By Victoria Lavelle
Remember back in first grade when Valentine’s Day was an occasion to shower your classmates with heart- shaped candies, pink cupcakes and cute “be mine” greeting cards made just for kids?
Parents and teachers would surprise the class with chocolates, treats and candy hearts that tasted like chalk.
Students would gather around the classroom to count Valentine’s cards with their friends. Back then, the holiday was simple, easy, and stress free.
Today, those days are long behind you, yet the tradition of Valentine’s Day still lingers. It’s
the only day reserved each year dedicated to loving and appreciating someone you fancy.
Additionally, a vast majority of college students view Valentine’s Day as an occasion designated for couples only. After all, most of the media hype surrounding the holiday encourages puppy love, public displays of affection, and spending cash out the wazoo. That alone is enough to exacerbate stress and anxiety.
However, each year folks typically spend copious amounts of money on material items for their significant others. The holiday has become overly commercialized and has diverged from what many perceive to be the true meaning of love.
The February holiday consists of navigating a scattered minefield of awkwardness and romantic
expectations for college goers. College is already stressful enough with classes, homework and studies. When Valentine’s Day rolls around, it can become quite a distraction.
For students, dishing out money on expensive flowers and overpriced chocolates for a significant other can break the piggy bank. Let’s face it, some college students can barely afford to eat in the campus cafeteria, much less dine out on Valentine’s Day.
In fact, several restaurants cash in on Valentine’s Day with prix-fixed menus, hoping to make a small fortune off couples who feel obligated to woo their other half.
Yet, what about the other students across campus who aren’t matched up with a special mate? For them, Valentine’s Day can be a reminder that they’re single and alone.
It’s not difficult to understand why many young adults feel left out during a day that idealizes a flowery combination of hearts, cupids and arrows, and flirtatious butterfly kisses.
Unlike the elementary school years of times past, students today now have the added pressure of social media to contend with on Valentine’s Day. The endless stream of posts on platforms like Instagram and Twitter with couples gloating and boasting about their love for each other can be just as nauseating as overstuffing your face with too much chocolate.
For single people or those not in a defined relationship, social media posts on Valentine’s Day can often invoke envy. Reality is, everyone wants to feel loved and appreciated on Feb. 14 and beyond, but it doesn’t necessarily mean students need someone to do it for them.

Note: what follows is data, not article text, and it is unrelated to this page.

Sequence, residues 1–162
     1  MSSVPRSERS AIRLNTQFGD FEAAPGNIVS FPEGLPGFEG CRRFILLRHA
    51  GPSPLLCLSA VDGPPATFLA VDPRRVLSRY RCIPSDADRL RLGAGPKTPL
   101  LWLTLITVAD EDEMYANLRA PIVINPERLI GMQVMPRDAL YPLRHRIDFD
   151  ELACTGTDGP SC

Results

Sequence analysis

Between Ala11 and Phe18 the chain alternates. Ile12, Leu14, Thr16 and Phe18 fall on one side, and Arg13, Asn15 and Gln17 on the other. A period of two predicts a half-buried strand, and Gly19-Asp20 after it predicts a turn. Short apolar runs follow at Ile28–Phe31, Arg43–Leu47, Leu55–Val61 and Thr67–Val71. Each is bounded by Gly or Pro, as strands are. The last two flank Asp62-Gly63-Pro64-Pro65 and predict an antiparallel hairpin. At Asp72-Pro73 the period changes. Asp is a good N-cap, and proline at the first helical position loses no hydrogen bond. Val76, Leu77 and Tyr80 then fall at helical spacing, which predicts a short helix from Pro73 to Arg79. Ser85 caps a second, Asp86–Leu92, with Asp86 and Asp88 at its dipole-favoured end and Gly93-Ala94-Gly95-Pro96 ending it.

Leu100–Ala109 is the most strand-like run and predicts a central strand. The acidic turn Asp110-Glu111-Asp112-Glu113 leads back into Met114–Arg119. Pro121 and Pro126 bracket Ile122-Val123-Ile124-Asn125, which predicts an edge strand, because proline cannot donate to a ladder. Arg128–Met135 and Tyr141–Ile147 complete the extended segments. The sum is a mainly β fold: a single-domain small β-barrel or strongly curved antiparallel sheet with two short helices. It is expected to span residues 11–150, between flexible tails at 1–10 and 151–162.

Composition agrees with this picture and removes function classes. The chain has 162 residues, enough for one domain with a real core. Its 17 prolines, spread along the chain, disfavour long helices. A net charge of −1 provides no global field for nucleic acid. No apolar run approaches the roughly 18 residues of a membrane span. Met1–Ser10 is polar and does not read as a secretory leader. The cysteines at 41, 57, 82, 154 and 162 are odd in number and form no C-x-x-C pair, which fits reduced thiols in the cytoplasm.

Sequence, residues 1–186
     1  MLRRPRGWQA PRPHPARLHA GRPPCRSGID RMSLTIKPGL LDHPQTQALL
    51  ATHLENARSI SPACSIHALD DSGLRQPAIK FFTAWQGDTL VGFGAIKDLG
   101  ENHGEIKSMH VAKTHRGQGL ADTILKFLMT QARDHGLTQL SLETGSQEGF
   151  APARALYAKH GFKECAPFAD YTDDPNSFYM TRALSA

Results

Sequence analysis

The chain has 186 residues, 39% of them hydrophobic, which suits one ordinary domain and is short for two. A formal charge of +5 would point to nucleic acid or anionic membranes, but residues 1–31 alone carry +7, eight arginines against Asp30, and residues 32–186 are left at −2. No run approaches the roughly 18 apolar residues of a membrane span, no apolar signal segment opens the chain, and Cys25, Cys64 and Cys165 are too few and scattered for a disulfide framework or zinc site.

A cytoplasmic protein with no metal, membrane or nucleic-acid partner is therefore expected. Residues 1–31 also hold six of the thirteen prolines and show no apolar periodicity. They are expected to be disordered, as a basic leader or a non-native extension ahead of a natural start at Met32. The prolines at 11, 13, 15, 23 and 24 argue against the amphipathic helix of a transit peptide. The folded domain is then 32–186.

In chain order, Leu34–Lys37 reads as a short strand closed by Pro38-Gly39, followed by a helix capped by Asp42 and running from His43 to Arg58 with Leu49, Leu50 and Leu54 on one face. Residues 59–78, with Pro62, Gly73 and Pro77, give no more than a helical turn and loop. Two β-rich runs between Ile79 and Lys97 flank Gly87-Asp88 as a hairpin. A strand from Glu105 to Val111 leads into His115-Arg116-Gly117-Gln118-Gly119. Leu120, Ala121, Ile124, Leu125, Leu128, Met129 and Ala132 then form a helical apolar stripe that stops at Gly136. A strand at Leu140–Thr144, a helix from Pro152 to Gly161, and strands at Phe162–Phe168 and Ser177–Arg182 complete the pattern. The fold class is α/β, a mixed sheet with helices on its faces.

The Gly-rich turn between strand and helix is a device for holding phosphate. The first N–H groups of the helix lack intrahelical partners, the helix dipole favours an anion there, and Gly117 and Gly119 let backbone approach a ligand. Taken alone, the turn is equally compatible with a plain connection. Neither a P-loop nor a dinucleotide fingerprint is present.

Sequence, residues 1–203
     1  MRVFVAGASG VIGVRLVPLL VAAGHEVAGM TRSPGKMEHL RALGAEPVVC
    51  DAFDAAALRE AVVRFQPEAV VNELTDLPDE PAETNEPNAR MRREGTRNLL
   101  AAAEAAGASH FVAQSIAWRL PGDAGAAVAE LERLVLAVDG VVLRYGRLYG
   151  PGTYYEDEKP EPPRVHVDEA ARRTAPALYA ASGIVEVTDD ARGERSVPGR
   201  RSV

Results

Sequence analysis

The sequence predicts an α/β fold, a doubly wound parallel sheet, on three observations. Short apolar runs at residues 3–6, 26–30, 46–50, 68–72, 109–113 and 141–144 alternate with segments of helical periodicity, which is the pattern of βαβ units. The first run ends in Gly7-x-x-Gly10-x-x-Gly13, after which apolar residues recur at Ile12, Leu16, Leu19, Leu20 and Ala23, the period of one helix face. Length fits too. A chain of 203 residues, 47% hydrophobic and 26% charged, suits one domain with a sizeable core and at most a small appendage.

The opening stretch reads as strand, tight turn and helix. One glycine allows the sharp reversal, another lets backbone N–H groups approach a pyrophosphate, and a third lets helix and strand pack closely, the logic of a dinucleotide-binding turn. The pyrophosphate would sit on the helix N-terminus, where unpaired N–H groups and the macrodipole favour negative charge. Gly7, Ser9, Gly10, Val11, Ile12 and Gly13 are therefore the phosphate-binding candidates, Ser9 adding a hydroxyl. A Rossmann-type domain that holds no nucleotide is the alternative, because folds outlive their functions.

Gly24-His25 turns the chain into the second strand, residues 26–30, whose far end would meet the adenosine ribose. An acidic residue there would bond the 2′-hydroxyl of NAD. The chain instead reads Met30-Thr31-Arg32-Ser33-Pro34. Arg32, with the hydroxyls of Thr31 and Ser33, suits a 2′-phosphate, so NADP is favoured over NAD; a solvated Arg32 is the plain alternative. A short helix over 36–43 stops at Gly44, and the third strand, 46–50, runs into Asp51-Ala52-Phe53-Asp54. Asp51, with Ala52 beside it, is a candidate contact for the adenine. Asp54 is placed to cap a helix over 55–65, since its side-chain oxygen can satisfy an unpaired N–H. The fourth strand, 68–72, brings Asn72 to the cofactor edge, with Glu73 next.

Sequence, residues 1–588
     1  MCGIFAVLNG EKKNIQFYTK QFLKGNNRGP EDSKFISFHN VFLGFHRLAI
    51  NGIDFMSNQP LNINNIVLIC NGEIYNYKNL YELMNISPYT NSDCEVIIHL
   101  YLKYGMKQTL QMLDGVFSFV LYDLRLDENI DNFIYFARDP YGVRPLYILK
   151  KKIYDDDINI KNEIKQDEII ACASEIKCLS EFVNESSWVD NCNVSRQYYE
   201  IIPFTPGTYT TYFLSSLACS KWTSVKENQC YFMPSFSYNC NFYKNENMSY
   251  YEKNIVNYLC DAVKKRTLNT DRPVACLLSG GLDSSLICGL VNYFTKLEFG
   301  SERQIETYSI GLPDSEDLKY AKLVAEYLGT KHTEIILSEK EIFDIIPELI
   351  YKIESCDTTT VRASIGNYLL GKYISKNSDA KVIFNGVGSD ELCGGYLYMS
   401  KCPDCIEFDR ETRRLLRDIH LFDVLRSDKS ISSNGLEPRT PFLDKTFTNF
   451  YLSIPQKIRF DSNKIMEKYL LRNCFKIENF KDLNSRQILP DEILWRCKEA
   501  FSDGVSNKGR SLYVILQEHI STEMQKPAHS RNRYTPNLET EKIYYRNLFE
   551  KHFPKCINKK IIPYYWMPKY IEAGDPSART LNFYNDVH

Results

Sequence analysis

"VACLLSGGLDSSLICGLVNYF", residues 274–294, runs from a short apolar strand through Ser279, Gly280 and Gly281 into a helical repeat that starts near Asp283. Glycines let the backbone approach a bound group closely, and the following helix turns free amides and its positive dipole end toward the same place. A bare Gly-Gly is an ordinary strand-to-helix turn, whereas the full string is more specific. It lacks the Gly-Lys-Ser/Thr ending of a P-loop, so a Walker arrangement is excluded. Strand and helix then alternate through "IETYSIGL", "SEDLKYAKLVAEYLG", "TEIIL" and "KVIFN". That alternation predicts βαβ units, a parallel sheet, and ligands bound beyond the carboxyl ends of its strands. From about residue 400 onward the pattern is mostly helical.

While being single on Valentine’s Day isn’t ideal, it also isn’t that bad when compared to the
55 percent of young adults who claim to have been in an abusive relationship by age 24, as reported by in a study the Centers for Disease Control & Prevention.
In 2020, students have the unique opportunity to recognize and appreciate all the diverse types of love around. Furthermore, the social changes that have transpired over the past decade are plenty reason to celebrate.
Moreover, students should not solely reserve Valentine’s Day for romantic couples, but rather
for empathy, compassion, and admiration for those who have a positive impact on their lives
There’s absolutely no reason to sit around and sulk on Valentine’s Day. No need to feel down or alone, nor wither away in self-pity.
Instead, consider breaking from the standard traditions of Valentine’s Day and celebrating the relationships you have with your professors, peers, and family. It’s imperative that students show love and kindness to everyone on campus, including to yourself.
As Valentine’s Day approaches, we should remember the importance of compassion in a world flooded with partisan disdain and other political and social issues.
Regardless of whichever way you go about celebrating Valentine’s Day this year, keep in mind it’s a holiday for everyone. Ultimately, the day will be whatever you decide to make of it, so get out there and love the people around you — and don’t forget to love yourself in the process.
Contact Victoria Lavelle at firstname.lastname@example.org